Mortgage broker gets prison for taking over $400K from seniors

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The following news release was sent by the AZ Attorney General's Office:

Attorney General Terry Goddard today announced that a Phoenix mortgage broker has been sentenced to prison for operating a residential mortgage scam that defrauded four Phoenix seniors of more than $400,000.

Rick Thomas McCullough, 36, of Phoenix, was sentenced to three-and-a-half years in prison along with seven years probation and ordered to pay $343,811 in restitution after he pleaded guilty to one count of securities fraud and one count of fraudulent schemes and artifices on Friday, November 14.

"For far too long, Arizona's seniors have been prey to predatory and abusive lending practices," Goddard said. "This case is a painful reminder of the damage that a single scam artist can inflict in our communities."

According to court documents, McCullough was the president of licensed mortgage broker CactusCash, Inc. In 2005 and 2006, he used this position to persuade four seniors, two single women and one couple, to refinance their homes through him for amounts far greater than the balance of their existing mortgages.

McCullough also convinced all four victims to invest their net refinancing proceeds with him, effectively obtaining for himself much of the equity that these elderly clients had in their homes. McCullough claimed that he would invest the victims' funds in real estate and personally guaranteed the loans.According to the terms of their "investments," McCullough agreed to make monthly payments between $650 and $3,150 to the victims.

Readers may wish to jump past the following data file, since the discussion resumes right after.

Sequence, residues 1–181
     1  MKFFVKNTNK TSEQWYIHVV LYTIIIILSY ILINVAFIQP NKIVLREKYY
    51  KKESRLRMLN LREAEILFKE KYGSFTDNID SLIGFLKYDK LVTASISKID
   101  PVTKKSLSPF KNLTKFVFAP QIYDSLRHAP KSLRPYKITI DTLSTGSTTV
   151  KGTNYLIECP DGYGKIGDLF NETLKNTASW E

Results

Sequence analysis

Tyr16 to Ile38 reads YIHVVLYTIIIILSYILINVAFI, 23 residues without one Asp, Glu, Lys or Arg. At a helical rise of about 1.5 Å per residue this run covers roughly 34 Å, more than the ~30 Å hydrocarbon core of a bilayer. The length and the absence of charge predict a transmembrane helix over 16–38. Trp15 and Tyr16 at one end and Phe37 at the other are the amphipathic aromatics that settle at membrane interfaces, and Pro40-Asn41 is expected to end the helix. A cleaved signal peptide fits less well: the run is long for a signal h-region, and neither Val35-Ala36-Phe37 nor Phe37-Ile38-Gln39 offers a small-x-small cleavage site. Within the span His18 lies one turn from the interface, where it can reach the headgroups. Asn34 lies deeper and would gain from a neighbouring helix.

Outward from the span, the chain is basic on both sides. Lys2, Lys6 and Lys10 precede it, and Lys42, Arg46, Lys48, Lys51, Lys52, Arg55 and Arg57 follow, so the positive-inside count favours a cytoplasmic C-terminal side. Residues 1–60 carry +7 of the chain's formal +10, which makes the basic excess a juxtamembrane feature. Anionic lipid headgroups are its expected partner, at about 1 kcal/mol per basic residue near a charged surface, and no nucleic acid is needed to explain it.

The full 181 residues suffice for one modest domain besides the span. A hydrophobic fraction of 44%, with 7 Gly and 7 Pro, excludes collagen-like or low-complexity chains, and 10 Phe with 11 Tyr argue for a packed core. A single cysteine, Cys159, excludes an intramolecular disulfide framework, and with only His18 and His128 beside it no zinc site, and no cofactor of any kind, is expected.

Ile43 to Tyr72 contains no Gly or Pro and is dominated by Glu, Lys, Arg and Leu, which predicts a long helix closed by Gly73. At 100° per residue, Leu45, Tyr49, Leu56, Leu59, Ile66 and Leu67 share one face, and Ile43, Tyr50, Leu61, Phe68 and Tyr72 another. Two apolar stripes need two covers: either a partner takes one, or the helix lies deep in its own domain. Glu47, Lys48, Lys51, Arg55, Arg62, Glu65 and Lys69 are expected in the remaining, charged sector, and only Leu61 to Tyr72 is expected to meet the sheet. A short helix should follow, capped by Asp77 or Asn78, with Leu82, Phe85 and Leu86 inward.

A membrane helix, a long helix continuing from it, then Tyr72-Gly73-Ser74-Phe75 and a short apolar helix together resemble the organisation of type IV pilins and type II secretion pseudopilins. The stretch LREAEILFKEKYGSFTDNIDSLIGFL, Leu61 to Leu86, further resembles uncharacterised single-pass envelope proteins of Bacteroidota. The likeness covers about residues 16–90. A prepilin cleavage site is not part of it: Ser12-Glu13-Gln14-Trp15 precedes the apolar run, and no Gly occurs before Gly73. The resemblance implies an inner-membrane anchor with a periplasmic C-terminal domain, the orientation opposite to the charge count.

In fact, McCullough used the money to make personal purchases, including a $42,000 ring for his wife. Further, McCullough lacked the assets to guarantee any of the loans. His primary method of obtaining funds to make payments to victims was fraudulently obtaining more funds from investors.As a result, McCullough failed to make payments to three of the victims after several months and, in one case, failed to make any payments at all.

"Because of this vicious scheme, an elderly woman may lose her home of 45 years and a 65-year-old victim must choose between a needed surgery and making the new mortgage payment," said Goddard. " I am intent on leading the charge among law enforcement and at the Legislature to protect our seniors and families from financial abuse."

In April 2008, the Arizona Department of Financial Institutions (DFI) filed a complaint with the Office of Administrative Hearings to remove McCullough from the financial services industry. DFI also alleged that McCullough violated mortgage broker statutes.

After an administrative hearing, Superintendent Felecia Rotellini issued a final order barring McCullough from employment with any financial institutions and companies regulated by DFI.

Regarding Friday's sentencing, Superintendent Rotellini said: " This case is the result of our Arizona Mortgage Fraud Task Force. I congratulate Attorney General Goddard for obtaining the conviction and restitution. Through our cooperative efforts, we've protected Arizona citizens from Mr. McCullough and achieved justice for those who were victimized."

This case is the result of an investigation by the Department of Financial Institutions - a member agency of the Arizona Mortgage Fraud Task Force - and the Securities Division of the Arizona Corporation Commission.